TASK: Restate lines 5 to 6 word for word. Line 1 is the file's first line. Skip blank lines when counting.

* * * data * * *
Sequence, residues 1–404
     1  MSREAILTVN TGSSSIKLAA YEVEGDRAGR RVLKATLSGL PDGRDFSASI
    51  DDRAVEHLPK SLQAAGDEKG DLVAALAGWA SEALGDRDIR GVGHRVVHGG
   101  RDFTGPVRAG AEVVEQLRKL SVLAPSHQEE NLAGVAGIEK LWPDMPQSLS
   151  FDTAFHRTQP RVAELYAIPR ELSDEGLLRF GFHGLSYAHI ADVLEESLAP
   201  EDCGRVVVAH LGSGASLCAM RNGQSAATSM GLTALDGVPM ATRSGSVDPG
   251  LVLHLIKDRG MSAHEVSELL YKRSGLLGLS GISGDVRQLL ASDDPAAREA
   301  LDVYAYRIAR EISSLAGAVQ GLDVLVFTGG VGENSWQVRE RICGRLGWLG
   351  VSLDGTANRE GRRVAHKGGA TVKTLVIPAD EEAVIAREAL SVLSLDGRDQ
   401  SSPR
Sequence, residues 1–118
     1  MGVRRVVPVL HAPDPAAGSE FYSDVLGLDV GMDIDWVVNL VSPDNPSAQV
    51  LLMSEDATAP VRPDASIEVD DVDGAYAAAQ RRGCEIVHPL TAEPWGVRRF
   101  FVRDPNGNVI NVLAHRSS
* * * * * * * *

   151  FDTAFHRTQP RVAELYAIPR ELSDEGLLRF GFHGLSYAHI ADVLEESLAP
   201  EDCGRVVVAH LGSGASLCAM RNGQSAATSM GLTALDGVPM ATRSGSVDPG